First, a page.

If you have a lifejacket and wetsuit you should bring them. If you don’t, the club has lifejackets you can borrow. Wear warm, water-resistant clothes and bring a dry change of clothes for afterward. The forecast looks good: perhaps a little cool but no rain and gentle breezes.
Most of the world’s best sailors started small and started young. Global sailing legends like John Kostecki and Paul Cayard spent most of their early sailing years in small boats, including at RYC. That was long before they went on to winning the America’s Cup, the Volvo Ocean Race and an Olympic medal.
However, many others who started sailing small boats at RYC 40, 50 or 60 years ago are still there sailing small boats. It’s an ideal antidote and escape from our land-bound lives and shockingly easy once you take that first step. If you’ve got kids or friends who you think should try sailing, this is the place to do it. If you’re trying to escape from kids and friends this might also be the right answer!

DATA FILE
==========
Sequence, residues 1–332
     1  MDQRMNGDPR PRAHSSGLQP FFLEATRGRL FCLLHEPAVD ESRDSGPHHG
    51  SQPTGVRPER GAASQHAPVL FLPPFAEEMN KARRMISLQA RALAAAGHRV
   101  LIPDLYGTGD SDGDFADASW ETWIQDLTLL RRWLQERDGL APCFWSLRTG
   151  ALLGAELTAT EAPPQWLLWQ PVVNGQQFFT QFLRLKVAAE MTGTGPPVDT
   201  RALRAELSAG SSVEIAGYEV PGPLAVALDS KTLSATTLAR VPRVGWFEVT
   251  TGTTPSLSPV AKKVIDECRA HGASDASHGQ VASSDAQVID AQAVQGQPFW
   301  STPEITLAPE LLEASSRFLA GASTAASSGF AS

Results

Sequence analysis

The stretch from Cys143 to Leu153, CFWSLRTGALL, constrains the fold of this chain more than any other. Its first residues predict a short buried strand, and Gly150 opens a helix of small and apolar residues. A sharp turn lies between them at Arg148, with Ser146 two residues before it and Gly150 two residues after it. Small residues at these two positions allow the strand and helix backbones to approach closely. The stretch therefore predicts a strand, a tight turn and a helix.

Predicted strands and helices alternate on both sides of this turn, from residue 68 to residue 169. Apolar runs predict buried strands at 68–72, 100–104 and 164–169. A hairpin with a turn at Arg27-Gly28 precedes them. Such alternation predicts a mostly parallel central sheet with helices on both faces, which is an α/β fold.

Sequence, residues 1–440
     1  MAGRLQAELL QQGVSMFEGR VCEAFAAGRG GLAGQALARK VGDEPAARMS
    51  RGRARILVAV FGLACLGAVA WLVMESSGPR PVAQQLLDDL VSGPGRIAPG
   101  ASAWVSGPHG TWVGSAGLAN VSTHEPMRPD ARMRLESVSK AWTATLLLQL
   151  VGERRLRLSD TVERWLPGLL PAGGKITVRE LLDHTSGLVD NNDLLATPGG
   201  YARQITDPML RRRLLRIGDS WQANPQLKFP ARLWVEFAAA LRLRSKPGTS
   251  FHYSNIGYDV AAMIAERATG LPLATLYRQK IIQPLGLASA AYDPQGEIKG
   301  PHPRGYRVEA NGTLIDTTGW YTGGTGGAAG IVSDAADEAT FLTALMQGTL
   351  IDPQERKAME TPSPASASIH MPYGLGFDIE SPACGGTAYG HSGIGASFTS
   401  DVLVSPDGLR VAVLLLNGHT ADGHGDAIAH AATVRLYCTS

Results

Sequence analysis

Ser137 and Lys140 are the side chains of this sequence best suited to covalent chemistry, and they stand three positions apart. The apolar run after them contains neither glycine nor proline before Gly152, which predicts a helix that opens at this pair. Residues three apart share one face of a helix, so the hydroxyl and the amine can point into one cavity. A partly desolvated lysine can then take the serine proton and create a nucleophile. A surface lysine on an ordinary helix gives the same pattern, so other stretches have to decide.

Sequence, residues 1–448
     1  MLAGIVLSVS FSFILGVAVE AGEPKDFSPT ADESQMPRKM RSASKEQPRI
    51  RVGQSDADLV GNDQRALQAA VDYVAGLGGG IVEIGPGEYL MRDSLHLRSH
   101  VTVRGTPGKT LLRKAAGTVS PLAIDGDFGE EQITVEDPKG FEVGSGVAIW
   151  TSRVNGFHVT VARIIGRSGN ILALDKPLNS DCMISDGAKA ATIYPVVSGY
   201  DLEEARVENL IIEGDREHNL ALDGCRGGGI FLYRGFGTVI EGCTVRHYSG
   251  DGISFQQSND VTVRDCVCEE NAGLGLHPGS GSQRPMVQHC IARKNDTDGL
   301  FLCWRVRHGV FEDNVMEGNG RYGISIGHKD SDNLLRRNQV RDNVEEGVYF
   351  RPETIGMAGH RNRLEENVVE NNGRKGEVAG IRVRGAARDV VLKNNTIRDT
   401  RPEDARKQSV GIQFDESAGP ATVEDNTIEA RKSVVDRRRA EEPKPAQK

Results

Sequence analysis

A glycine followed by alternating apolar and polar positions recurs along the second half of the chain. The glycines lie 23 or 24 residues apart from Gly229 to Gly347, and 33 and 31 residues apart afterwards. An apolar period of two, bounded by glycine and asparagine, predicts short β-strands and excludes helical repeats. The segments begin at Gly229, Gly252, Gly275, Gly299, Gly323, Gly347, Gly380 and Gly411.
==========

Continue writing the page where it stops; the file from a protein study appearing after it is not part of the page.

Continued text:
Bay Area author Jack London said, “The small-boat sailor is the real sailor.” If you or anyone you know ever wanted to try sailing, try out small boats, or are just looking for some free Saturday fun, Sail a Small Boat Day at RYC should be high on your list. It starts at 10:30 tomorrow. For more information click here.
Is your fondest dream to sail the seven seas in a life of adventure and exploration? To demolish the competition on the race course, freeing the fierce warrior within? To leisurely sail with your friends or a sweetheart to the perfect picnic spot on a gently wafting breeze? If you answered “Yes!” to any of these, or if your sailing dreams take on a completely different configuration, a good place to start is Latitude 38’s Spring Crew List Party.